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PURGATORIO - Stolen Shakespeare Guild
CIRCUS TRACKS - Outcry Theatre

WaterTower Theatre

Reviewed Performance: 3/10/2013

Reviewed by Charlie Bowles, Associate Critic for John Garcia's THE COLUMN

PURGATORIO By Sriel Dorfman

Directed by Nathan Autrey
Lighting Design - Brandon Camargo

CAST Man - Joey Folsom
Woman - Whitney Holotik

Jason and Madea got divorced. The carnage that followed makes Fatal Attraction look like a fairytale. So what happened next?

Euripides' 431 B.C. poem was extended by Ariel Dorfman to explore Jason and Madea in purgatory. That's the place immortalized by Dante Alighieri where souls contemplate their sins and that's where we find Man and Woman in Purgatorio, the 2013 Out of the Loop Fringe Festival entry from Stolen Shakespeare Company.

Directed by Nathan Autrey, the stage looks like a darkened room in a psych hospital. A bed and a chair is the setting where Man, played by Joey Folsom, and Woman, played by Whitney Holotik, spar like patients and psychologists - interrogating, challenging, often heated, very emotional. The play unfolds in twists that surprise even those who know the original story. It's intense.

Woman, who lived a Madea story, must come to terms with her crimes against her own children and a young princess who could marry her ex-husband. She must find redemption to escape purgatory so she has to describe the murders of her sons to her inquisitor. Holotik gives Madea both a strong emotional base as the witch of the Madea story she was in life, but also explores the full range of emotions a mother could feel describing the deaths of her sons. Woman also plays the psychologist-like character, questioning and challenging Jason, with a mostly monotone style, until it too becomes heated. Is this character someone in Jason's former life, someone he wronged?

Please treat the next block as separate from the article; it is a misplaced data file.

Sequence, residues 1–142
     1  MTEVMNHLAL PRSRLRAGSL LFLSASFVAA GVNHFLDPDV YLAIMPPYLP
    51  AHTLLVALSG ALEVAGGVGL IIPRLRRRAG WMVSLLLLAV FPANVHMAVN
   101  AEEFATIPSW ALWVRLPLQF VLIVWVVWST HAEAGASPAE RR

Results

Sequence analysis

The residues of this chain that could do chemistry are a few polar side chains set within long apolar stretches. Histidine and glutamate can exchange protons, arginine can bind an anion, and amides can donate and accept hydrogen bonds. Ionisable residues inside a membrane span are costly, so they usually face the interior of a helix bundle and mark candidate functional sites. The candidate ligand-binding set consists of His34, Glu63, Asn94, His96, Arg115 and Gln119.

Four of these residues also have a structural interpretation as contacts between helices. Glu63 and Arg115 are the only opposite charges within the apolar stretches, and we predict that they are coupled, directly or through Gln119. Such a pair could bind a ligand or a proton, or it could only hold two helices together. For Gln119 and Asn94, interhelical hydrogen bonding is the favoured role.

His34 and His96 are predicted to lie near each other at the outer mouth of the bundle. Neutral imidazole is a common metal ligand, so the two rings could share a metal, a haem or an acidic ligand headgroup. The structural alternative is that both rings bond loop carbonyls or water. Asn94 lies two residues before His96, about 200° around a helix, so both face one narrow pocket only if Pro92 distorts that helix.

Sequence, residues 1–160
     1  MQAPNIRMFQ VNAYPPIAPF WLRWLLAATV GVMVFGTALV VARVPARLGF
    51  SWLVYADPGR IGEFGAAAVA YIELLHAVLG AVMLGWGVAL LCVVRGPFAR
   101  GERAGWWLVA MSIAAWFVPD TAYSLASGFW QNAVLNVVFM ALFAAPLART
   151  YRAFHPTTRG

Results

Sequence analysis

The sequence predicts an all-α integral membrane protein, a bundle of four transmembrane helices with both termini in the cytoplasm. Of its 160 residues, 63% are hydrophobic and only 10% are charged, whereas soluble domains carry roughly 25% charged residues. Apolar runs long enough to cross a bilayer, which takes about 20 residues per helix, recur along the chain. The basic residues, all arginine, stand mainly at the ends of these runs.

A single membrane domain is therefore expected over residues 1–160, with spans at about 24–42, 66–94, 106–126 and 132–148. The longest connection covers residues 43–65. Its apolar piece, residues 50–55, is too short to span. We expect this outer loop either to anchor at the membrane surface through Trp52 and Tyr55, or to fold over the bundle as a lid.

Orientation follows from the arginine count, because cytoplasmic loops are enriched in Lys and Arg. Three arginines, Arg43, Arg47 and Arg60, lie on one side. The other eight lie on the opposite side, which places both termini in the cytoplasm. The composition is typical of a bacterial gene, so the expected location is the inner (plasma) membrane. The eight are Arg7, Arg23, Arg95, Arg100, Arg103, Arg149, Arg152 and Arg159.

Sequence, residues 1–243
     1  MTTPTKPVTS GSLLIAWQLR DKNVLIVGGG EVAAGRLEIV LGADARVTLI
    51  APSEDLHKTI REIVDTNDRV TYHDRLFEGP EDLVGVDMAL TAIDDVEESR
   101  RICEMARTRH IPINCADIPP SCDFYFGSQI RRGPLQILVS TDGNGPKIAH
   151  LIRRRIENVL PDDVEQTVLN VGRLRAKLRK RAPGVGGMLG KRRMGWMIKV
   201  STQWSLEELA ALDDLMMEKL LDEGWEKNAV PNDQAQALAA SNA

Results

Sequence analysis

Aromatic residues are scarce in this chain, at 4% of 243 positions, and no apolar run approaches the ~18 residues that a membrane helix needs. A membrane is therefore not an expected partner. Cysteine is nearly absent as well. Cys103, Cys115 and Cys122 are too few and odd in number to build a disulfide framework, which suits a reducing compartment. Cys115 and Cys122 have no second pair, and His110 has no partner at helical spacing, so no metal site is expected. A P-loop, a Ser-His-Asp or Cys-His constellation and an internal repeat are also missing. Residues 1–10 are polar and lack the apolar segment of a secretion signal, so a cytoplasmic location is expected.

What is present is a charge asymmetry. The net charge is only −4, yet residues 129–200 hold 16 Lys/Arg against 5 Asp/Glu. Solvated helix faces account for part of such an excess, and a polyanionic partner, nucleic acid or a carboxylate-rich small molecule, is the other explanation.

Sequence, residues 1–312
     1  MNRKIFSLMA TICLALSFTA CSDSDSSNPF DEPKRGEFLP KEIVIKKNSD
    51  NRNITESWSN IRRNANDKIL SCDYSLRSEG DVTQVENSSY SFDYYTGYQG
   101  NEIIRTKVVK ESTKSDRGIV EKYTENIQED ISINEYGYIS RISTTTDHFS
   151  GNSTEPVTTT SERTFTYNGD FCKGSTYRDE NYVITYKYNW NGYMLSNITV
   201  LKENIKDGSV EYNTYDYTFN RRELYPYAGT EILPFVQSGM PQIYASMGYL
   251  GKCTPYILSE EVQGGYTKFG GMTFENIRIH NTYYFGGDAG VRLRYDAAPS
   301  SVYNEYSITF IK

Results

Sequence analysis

Jason, that great warrior of ancient Greece had faults of his own to describe and ended up in purgatory after he committed suicide. Joey Folsom plays Man and his efforts to discover his own redemption for sins he believed he committed, but Folsom also becomes the monotone inquisitor who challenges Woman to describe her murders. Folsom plays this character cool and passionless, but then alternately shifts to the self-loathing Jason. While I missed a lot of his early text as he talked mainly upstage and very fast, I did understand the story he was telling and the extremes we might expect of someone in so much pain after losing his wife-to-be and his two sons.

Much of the most extreme emotional dialog of both actors takes place outside a centrally-lit part of the stage, so I could hear their emotional words but couldn't see their faces. I'm not sure if this was designed to show the depths of their despair, but it sure blocked the depths of their facial emotions. This issue aside, this is a powerful play. The story of Jason and Madea unravels in a surprise at the end. At only 50 minutes, Purgatorio is a fast-paced story which challenges our assumptions about life after death and the value of redemption. This play is worth the watching.


CIRCUS TRACKS By Sarah Hammond

Directed by Becca Johnson-Spinos
Projection Designer /Assistant Director - Jason Johnson-Spinos
Costume Designer/Stage Manager - Gillian Salerno-Rebic

arah Elizabeth Smith - Dewey
Elizabeth Evans - Jill
Duc Nguyen - Lester
Marla Jo Kelly - Leelio
Price Wayne Christian - Soundbite
Ian Mead Moore - Max
Rachel M. Carothers - Blind Lou

Step right up, ladies and gentlemen, and see the fantastical world of Circus Tracks, a place you're not likely to witness again. Follow me as we embark on "an Odyssean voyage across a freak-studded desert". Watch those misfits as they "search for meaning, identity and family". Mothers, hold onto your children and men, hold on to your hats . . . . . the circus is about to begin . . . . . . !!